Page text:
Roman Agora & Tower of the Winds
Tower of the Winds
The well-preserved Tower of the Winds was built in the 1st century BC by a Syrian astronomer named Andronicus. The octagonal monument of...
The city’s civic centre under Roman rule was moved to this partly excavated site, where you can see the foundations of several...
Museum of Greek Popular Instruments
More than 1200 folk instruments dating from the 18th century are exhibited over three floors, with headphones for visitors to listen to...
Popular full-sized stage and dance floor; in summer, there’s more sedate live music on the terrace.
This age-old Plaka taverna, with an antiquated menu in several badly translated languages, sits in a pleasant village-style square away...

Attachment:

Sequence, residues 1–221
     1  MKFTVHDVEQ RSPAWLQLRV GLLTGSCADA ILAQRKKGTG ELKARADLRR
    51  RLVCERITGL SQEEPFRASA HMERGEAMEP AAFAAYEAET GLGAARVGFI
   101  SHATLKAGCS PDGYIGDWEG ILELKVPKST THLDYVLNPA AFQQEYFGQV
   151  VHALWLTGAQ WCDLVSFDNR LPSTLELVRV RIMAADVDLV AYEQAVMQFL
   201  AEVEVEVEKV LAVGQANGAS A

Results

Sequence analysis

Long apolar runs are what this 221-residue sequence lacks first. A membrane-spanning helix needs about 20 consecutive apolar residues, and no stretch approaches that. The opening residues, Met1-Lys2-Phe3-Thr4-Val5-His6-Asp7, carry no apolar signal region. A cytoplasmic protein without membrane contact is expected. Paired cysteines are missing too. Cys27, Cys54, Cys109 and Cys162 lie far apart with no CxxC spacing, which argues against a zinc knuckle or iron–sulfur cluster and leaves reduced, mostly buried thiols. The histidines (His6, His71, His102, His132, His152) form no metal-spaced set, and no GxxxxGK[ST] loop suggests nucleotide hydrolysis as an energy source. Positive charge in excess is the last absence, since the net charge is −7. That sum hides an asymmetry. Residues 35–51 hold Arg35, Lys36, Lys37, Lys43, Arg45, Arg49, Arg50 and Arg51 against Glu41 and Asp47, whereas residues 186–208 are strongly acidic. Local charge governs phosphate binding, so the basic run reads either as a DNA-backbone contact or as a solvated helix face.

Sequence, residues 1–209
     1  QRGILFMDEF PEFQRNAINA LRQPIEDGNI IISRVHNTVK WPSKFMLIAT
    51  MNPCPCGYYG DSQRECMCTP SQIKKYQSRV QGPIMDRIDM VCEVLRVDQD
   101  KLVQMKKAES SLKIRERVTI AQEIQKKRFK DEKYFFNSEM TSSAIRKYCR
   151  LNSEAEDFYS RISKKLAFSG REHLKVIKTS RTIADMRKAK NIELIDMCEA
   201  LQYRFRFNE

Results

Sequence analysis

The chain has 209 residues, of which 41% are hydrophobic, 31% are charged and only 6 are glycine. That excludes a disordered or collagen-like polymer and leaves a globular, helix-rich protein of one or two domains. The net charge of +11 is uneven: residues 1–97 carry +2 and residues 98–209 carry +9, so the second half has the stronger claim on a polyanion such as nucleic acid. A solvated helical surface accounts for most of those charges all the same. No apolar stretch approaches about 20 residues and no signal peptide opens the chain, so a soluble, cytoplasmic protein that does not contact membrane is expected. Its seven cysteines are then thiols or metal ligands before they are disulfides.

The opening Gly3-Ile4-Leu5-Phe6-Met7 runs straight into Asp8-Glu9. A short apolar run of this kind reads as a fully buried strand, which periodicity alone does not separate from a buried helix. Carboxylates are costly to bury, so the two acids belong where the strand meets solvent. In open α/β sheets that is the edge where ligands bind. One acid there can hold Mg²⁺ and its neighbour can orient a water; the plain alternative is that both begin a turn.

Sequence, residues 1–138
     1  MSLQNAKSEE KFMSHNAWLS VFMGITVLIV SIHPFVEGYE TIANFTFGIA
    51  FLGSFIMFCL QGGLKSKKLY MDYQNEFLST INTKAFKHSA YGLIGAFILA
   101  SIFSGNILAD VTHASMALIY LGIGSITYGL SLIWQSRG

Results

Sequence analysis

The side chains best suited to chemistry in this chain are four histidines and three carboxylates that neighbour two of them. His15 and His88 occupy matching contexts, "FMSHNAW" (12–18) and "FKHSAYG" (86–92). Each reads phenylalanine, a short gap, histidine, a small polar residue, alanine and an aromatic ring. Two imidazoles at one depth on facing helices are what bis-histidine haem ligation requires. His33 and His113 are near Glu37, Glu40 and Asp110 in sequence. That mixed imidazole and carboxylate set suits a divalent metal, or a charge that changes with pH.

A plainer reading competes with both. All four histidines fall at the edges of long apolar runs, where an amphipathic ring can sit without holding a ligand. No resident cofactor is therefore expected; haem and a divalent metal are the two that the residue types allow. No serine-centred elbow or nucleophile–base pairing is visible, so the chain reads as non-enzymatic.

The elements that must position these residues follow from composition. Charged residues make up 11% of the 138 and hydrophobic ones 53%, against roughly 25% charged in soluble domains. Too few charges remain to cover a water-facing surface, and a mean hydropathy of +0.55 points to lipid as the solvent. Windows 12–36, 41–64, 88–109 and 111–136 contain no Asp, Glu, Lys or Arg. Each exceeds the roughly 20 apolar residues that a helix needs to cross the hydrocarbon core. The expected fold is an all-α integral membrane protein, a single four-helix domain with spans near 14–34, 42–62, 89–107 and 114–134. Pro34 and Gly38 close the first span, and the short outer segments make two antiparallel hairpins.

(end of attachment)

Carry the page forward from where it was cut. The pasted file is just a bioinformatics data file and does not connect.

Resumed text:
Roman Agora & Tower of the Winds information
Entrance to the Roman Agora is through the well-preserved Gate of Athena Archegetis , which is flanked by four Doric columns. It was erected sometime during the 1st century AD and financed by Julius Caesar. The well-preserved, extraordinary Tower of the Winds was built in the 1st century BC by a Syrian astronomer named Andronicus.
The octagonal monument of Pentelic marble is an ingenious construction that functioned as a sundial, weather vane, water clock and compass. Each side represents a point of the compass, and has a relief of a figure floating through the air, which depicts the wind associated with that particular point. Beneath each of the reliefs are the faint markings of sundials. The weather vane, which disappeared long ago, was a bronze Triton that revolved on top of the tower. The Turks allowed dervishes to use the tower.
The rest of the ruins are hard to make sense of. To the right of the entrance are the foundations of a 1st-century public latrine. In the southeast area are the foundations of a propylon and a row of shops.